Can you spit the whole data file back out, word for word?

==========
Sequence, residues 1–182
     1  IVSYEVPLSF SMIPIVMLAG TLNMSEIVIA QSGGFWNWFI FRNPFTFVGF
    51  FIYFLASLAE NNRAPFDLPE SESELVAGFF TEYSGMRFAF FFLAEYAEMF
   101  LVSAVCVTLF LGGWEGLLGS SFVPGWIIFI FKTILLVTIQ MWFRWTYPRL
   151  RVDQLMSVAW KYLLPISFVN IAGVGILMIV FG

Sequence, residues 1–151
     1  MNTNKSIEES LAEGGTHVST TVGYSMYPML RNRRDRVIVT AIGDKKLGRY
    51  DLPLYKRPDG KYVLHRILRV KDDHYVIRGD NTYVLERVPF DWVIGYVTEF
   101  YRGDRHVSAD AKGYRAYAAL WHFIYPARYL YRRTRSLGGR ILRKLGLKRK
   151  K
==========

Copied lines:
Sequence, residues 1–182
     1  IVSYEVPLSF SMIPIVMLAG TLNMSEIVIA QSGGFWNWFI FRNPFTFVGF
    51  FIYFLASLAE NNRAPFDLPE SESELVAGFF TEYSGMRFAF FFLAEYAEMF
   101  LVSAVCVTLF LGGWEGLLGS SFVPGWIIFI FKTILLVTIQ MWFRWTYPRL
   151  RVDQLMSVAW KYLLPISFVN IAGVGILMIV FG

Sequence, residues 1–151
     1  MNTNKSIEES LAEGGTHVST TVGYSMYPML RNRRDRVIVT AIGDKKLGRY
    51  DLPLYKRPDG KYVLHRILRV KDDHYVIRGD NTYVLERVPF DWVIGYVTEF
   101  YRGDRHVSAD AKGYRAYAAL WHFIYPARYL YRRTRSLGGR ILRKLGLKRK
   151  K